Does a Flattening Curve Mean Choppy Seas Ahead?

Some days along coast, the ocean is flat and glassy, with small waves curling up to the beach like gently folding flower petals.  The only thing that makes this picture more serene is a nice summer day, with 90 degree sunshine and a cold Corona Lite, fresh lime, and salt.  As we enter 2015, Fed watchers are eagerly chomping at the bit for the first overnight bank lending rate hike.  But in 2014, the yield on the 30-year treasury actually dropped yet again – a full 117 basis points.  On January 14th, 2015, the 30-year stunned Wall Street when the yield dropped below 2.4%.  This action on the far end of the yield curve sets the stage for an interesting scenario:  when the Fed does start raising rates, there is less distance for the short end of the curve to catch up to long end rates – and flatten the curve.  Will such flattening come this summer?  And if it does, will the clouds gather and ruin the mostly serene days the stock markets have seen since 2009?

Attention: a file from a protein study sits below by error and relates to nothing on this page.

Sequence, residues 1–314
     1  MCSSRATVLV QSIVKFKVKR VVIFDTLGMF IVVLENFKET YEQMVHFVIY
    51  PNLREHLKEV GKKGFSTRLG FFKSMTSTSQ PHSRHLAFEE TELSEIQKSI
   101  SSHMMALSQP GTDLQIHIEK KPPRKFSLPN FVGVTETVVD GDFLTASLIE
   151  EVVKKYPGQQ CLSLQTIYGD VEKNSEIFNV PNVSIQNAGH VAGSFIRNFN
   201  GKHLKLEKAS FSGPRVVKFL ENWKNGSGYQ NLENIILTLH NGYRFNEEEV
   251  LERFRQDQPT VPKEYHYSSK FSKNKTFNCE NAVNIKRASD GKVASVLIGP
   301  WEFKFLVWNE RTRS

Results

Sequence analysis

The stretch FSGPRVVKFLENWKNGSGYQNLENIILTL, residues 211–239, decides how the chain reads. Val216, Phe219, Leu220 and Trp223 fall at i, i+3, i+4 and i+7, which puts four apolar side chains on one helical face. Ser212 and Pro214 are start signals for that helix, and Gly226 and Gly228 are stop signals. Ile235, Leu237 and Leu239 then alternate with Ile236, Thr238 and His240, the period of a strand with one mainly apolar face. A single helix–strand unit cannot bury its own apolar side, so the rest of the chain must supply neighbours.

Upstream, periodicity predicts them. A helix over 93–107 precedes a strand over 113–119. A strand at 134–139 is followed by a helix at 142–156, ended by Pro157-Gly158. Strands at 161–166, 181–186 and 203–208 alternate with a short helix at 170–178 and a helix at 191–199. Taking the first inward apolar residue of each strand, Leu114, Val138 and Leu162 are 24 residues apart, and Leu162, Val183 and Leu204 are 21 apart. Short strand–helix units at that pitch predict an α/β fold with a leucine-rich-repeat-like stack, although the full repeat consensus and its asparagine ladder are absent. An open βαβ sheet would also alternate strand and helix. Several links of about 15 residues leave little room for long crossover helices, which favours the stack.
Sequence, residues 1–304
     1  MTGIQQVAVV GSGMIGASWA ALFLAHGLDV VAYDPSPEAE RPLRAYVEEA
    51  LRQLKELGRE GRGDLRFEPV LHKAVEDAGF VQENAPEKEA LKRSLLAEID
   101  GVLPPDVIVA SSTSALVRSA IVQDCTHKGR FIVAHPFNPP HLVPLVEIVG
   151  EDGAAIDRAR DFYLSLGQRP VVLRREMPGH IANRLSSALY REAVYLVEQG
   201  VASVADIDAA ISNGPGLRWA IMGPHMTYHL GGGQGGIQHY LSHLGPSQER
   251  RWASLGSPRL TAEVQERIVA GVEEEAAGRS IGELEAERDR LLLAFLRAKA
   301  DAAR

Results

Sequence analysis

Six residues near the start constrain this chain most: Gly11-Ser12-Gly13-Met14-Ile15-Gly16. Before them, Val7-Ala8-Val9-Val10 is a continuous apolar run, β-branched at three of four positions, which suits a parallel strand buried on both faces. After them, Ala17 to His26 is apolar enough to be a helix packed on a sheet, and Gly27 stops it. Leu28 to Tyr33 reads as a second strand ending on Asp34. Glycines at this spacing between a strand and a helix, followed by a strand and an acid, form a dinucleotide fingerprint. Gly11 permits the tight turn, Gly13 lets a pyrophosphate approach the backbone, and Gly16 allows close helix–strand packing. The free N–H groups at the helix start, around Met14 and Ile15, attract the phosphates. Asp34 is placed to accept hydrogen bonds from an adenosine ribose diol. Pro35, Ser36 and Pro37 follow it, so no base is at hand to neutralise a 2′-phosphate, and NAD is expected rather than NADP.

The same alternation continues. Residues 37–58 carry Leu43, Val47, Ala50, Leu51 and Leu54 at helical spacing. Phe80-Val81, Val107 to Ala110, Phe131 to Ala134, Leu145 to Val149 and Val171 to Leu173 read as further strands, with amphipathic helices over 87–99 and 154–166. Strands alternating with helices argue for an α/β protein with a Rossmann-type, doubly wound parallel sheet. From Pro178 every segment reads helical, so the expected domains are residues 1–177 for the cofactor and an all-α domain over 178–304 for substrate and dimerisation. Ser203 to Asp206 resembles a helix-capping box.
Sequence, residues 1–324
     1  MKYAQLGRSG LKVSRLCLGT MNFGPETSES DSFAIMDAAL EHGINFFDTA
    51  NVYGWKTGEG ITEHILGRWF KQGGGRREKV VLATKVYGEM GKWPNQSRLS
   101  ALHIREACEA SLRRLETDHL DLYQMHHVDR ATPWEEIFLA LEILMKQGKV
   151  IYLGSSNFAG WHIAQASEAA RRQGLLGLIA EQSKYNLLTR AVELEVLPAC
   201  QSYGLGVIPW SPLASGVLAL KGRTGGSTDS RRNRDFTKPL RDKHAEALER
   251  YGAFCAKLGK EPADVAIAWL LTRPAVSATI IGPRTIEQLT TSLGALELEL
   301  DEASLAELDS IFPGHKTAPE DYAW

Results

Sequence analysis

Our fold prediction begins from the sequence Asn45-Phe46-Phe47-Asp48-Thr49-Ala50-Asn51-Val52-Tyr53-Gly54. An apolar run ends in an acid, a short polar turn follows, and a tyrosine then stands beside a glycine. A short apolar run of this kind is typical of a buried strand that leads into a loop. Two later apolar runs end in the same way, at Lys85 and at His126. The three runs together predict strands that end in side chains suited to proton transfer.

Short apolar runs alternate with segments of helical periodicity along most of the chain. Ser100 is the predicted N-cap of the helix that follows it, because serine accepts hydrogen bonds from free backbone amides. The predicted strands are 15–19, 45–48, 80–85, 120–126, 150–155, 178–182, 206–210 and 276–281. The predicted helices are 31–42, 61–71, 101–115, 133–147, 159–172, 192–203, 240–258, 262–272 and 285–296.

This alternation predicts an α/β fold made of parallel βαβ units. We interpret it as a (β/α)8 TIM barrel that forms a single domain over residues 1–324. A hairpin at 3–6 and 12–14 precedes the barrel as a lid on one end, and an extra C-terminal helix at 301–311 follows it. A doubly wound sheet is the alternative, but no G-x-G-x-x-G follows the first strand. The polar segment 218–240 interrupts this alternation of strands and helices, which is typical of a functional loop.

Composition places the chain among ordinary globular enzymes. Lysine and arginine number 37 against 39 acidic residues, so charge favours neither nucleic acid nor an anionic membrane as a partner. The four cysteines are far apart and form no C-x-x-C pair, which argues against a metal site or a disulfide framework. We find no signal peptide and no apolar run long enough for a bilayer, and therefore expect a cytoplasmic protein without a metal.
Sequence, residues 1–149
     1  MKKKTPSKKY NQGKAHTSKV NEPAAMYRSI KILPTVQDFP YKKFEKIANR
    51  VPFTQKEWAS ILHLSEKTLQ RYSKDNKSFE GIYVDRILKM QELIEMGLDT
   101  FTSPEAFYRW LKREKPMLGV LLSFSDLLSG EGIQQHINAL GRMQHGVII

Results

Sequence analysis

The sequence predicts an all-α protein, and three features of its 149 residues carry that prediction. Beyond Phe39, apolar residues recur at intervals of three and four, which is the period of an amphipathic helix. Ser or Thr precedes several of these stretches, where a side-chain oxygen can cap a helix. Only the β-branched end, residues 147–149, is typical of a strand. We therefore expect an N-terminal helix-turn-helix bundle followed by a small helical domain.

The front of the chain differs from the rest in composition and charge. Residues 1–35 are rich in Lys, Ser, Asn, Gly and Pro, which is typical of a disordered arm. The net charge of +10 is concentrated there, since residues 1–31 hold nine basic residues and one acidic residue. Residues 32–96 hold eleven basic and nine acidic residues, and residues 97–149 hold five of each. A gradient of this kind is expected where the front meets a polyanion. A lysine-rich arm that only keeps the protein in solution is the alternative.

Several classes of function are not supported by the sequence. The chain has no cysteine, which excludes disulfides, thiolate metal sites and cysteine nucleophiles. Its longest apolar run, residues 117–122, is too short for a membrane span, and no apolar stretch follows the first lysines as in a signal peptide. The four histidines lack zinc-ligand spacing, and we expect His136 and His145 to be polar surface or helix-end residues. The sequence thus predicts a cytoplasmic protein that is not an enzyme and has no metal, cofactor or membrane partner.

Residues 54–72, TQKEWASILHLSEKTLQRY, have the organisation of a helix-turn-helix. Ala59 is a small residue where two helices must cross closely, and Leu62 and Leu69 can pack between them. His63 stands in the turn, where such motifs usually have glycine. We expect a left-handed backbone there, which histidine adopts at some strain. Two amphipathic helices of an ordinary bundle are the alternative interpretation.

In 1993, short-term rates remained around 3% for the entire calendar year, while the 30-year treasury yield fell 1%.  In 1994, short term rates rose above 5 ½%, and the 30 year rose 1%.  It took until the end of 1995 for the curve to flatten.  When did the next recession occur?  Not until 2001.  Investors enjoyed a booming decade of stock market returns during to 1990’s and it took years before the next economic slowdown began after the first Fed action was initiated in 1994.

Many investors fear Fed action which leads to a flat, glassy yield curve.  But beware lightening up on equites in your portfolio too early, as you might miss some great gains in the market.  Stay the course, and your patience may pay off enough to fund a late summer vacation at the beach with some Corona Lite, fresh lime and salt.

© 2015 Pawleys Investment Advisors, LLC. All rights reserved.

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